‘Clean’ and ‘Organize’? What does housekeeping have to do with identity management?
All IT projects have a common Achilles heel: implementation. No matter how quick the process is, it always feels too long, and a rushed implementation can cause headaches for years to come. Relevant organization and stakeholder involvement can also be a pain to properly identify, quickly resulting in wasted work effort and hours that could have been put to better use. Just think of your average corporate software policies and how most administrators handle upgrades (reluctantly); these are issues that require significant investment to overcome.
As identity and access management specialists, we have regularly thought long and hard about how we can improve the implementation process of various systems. As mentioned, skipping steps to speed up the implementation will easily result in an unsustainable garbage-in-garbage-out scenario. Bad data is something we really want to avoid. By replacing steps with software rather than skipping them, we came up with a way to achieve the highest level of data quality possible and speed up the implementation at the same time. Our results are known as IDM:Clean and IDM:Organize.
So what do these tools actually do?
Cleaning up involves putting things away, removing garbage and sanitizing the area. IDM:Clean does the same for various systems by eating through data dumps pulled from them and generating a report with recommendations that can be carried out manually or through import files. Primary systems like AD, SAP, Dynamics AX and NAV are the major targets for this process.
IDM:Clean can be configured to check for things like redundant permission groups, empty or unused groups, separate groups with identical users, groups that are made up entirely of disabled or inactive users, users that have not used the system for a long time, and a host of other things.
The tool will generate two files based on whatever parameters are selected. The first file is a written report, or executive overview, that explains the results and makes suggestions based on them. The second output is an Excel file that includes every finding with the ability to filter, sort and make changes just like any spreadsheet.
After qualifying, processing, correcting and approving the content in the Excel file, the relevant system can either be updated manually or using an import file generated by feeding the relevant changes back into IDM:Clean.
Whether you want to implement an IDM/IAM/IAG tool afterwards or not, making sure your systems are clean is always a relevant endeavour. For example, how is your AD doing? How many groups do you maintain and how many users do you have? Are your active users really active? Do you know who has remote access and if they still need it? Which consultants and contractors do you still work with?
In all likelihood, you probably have several active accounts for consultants or partners that you have not worked with for a while. You may also have active accounts for users that stopped working for you months ago. In addition, the number of groups can sometimes end up being more than that of users!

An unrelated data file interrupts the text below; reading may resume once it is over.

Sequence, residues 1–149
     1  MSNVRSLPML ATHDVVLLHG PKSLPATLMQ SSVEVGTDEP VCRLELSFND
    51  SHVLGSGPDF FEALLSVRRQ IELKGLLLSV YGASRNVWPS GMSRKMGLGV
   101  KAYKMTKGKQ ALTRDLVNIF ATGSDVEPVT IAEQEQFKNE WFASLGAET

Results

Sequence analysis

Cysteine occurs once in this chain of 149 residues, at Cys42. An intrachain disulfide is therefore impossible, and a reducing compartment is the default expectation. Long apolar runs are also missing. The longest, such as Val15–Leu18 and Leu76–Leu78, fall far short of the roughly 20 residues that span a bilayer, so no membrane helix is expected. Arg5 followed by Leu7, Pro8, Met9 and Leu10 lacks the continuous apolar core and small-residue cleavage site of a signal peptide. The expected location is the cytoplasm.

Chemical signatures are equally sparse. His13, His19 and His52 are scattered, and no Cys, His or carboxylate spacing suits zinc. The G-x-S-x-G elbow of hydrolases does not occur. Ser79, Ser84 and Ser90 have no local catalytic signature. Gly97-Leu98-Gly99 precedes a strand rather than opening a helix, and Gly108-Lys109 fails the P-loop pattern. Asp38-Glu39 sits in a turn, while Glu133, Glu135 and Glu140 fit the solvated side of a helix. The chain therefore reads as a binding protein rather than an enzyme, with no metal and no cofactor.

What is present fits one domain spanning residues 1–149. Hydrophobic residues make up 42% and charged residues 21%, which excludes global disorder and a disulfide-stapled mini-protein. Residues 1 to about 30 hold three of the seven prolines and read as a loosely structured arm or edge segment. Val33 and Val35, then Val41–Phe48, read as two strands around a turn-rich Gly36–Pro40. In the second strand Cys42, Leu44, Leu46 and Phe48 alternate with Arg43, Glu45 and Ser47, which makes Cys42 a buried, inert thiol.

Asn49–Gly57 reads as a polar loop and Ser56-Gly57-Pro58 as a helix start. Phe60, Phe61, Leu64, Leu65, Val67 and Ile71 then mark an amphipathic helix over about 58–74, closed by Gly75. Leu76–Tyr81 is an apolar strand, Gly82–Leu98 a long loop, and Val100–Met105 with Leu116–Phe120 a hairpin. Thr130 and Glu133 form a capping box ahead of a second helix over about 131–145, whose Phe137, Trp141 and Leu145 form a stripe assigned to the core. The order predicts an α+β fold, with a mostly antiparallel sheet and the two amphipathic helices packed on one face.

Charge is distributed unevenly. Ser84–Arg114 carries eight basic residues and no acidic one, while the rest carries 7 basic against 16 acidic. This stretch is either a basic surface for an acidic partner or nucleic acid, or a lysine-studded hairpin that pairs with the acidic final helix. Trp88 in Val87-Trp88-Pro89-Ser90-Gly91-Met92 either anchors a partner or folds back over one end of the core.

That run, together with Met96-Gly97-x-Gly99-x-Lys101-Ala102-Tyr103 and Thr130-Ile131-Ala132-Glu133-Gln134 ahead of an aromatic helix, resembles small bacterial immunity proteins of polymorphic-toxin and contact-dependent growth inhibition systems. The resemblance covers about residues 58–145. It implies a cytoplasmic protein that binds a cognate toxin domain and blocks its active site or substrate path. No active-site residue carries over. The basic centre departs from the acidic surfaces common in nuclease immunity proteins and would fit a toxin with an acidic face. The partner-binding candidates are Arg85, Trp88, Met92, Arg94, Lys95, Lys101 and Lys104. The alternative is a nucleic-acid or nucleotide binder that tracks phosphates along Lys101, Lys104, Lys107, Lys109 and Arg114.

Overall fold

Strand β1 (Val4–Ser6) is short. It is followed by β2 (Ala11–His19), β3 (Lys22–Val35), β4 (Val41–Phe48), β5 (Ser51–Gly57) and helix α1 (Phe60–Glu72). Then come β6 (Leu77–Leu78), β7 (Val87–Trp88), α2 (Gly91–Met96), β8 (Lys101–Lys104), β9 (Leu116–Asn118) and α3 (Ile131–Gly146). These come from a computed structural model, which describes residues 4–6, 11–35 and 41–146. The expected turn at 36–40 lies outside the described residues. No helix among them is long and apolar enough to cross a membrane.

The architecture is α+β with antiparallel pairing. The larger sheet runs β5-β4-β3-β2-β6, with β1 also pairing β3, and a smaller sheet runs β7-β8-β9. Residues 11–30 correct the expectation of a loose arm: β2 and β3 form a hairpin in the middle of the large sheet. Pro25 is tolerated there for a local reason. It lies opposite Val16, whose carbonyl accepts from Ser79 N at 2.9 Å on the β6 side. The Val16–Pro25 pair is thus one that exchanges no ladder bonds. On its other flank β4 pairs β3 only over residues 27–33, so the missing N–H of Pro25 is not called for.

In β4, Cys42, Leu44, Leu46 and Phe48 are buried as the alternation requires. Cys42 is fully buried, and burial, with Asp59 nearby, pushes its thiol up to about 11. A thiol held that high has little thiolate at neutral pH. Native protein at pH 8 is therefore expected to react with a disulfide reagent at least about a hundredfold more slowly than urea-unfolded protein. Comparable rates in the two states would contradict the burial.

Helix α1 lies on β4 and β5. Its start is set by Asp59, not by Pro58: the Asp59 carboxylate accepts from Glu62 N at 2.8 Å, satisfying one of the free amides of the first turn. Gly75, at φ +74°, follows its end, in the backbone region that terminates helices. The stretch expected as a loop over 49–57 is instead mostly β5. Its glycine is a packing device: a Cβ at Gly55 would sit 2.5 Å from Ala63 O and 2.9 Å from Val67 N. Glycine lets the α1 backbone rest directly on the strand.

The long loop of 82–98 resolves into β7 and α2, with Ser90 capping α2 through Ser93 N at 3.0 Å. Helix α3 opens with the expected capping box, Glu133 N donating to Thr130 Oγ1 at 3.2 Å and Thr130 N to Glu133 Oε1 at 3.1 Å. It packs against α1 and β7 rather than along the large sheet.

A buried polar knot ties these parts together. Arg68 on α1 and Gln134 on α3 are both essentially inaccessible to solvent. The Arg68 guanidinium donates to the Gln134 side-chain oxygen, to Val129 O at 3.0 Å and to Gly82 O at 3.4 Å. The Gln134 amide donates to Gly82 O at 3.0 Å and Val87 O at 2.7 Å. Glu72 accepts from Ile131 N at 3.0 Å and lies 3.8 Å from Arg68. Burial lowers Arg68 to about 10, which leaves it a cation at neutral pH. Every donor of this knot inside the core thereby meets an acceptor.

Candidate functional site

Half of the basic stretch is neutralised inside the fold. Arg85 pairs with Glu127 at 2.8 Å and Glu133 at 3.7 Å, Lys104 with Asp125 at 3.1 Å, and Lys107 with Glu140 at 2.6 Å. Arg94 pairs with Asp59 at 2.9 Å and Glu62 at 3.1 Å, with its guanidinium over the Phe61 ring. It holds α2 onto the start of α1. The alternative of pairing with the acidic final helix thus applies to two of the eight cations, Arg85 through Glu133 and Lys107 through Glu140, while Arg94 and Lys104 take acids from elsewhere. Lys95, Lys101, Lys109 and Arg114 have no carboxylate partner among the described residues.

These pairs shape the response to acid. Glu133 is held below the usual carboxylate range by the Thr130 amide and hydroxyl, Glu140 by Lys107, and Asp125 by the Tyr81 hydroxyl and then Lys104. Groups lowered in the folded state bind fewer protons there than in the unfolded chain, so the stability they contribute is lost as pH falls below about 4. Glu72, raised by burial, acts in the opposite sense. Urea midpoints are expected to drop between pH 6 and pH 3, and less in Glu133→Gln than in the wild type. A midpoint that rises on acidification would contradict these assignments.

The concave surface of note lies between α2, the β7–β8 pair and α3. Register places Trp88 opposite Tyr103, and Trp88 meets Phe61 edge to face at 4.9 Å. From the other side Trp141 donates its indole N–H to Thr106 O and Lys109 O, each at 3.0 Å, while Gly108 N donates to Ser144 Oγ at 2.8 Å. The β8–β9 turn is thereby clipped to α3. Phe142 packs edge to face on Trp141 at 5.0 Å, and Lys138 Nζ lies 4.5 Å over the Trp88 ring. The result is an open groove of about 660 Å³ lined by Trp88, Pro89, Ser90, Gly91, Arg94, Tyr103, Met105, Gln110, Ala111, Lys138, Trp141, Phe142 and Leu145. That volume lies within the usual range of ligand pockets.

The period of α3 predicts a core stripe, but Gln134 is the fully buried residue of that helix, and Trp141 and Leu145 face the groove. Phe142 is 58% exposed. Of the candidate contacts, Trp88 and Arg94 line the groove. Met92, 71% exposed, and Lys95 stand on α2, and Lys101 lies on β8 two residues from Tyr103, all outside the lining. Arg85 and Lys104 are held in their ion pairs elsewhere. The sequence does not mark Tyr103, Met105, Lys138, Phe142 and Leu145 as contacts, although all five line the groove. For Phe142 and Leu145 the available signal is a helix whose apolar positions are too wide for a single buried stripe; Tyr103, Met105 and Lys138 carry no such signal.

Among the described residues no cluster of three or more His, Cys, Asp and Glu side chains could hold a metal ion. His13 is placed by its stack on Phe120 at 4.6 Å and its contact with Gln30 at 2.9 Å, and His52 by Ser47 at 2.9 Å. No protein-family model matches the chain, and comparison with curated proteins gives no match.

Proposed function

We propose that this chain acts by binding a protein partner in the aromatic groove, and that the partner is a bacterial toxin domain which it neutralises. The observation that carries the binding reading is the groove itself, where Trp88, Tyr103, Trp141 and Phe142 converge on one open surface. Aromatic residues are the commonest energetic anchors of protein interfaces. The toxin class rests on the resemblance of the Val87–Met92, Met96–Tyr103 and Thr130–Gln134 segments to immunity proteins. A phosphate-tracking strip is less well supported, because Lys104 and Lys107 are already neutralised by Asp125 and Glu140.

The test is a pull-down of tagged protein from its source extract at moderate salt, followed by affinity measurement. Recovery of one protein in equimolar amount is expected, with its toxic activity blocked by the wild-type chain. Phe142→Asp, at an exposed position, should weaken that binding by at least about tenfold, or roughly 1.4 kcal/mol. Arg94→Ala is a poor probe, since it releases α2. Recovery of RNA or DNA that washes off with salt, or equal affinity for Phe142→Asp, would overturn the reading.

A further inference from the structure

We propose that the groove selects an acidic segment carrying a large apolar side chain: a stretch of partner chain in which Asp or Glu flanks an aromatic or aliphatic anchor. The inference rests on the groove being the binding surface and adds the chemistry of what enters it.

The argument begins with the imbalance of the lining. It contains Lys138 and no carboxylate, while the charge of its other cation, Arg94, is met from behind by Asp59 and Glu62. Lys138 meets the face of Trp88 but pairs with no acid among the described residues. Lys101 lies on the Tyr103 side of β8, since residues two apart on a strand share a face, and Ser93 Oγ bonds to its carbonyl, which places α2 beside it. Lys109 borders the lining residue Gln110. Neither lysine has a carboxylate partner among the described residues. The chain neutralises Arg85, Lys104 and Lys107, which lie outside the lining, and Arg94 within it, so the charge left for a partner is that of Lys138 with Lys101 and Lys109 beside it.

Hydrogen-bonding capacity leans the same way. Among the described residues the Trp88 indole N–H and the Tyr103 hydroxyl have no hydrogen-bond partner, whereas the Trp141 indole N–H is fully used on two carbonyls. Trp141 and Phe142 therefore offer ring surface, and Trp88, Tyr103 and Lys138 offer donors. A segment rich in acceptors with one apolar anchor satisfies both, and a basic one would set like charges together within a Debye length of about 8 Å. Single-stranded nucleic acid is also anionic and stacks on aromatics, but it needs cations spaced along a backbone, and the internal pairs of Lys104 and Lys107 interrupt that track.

In short, it is hard to maintain control. A traditional cleanup of AD can be like trying to weed a rainforest with a pickaxe. That is one of the reasons why we developed IDM:Clean as a stand-alone tool. The benefit? With around 15 000 users, an acceptable cleanup might take around 3–6 man-months of labour depending on the complexity and state of the system. IDM:Clean can bring the total number of hours down to a third of that with greater reliability and peace of mind that everything is being caught.
A traditional cleanup project often looks like this, requiring some sort of cut-off:
Our process, on the other hand, simply looks like this:
When dealing with identities, systems can become highly complex and difficult to manage without a clear overview. A good way to handle this is with an Identity and Access Management (IAM) tool. If you are planning to implement one such as our in-house IDM365 solution, we can help you further.
With the clean data output from IDM:Clean, we are able to profile current users through pattern matching. By looking at users, permissions and attributes such as business units, departments, locations and so on, IDM:Organize is able to propose easy-to-understand umbrella groups and access profiles that fit logically into roles or job functions assigned to users.
Just like IDM:Clean, IDM:Organize can be configured in many different ways to make the patterns more flexible or specific. For example, one user may only be missing a single permission that is part of another group. Depending on the requirements, IDM:Organize may suggest that the user be moved into that group with enough information that a manager or executive can decide whether it would be appropriate or not.
This process has a profound influence on implementation time as well, easily reducing it by about 50%. Rather than having to go over each and every worker with their manager, finding out what their roles are, what access they need and so forth, managers can simply look over their workers and provide names what it is they do. In addition to saving you a lot of time, having the software generate an overview report for managers to review puts you in a much better position moving forward.
Traditionally, this is what organizing roles and permissions looks like:
Here is how we do it: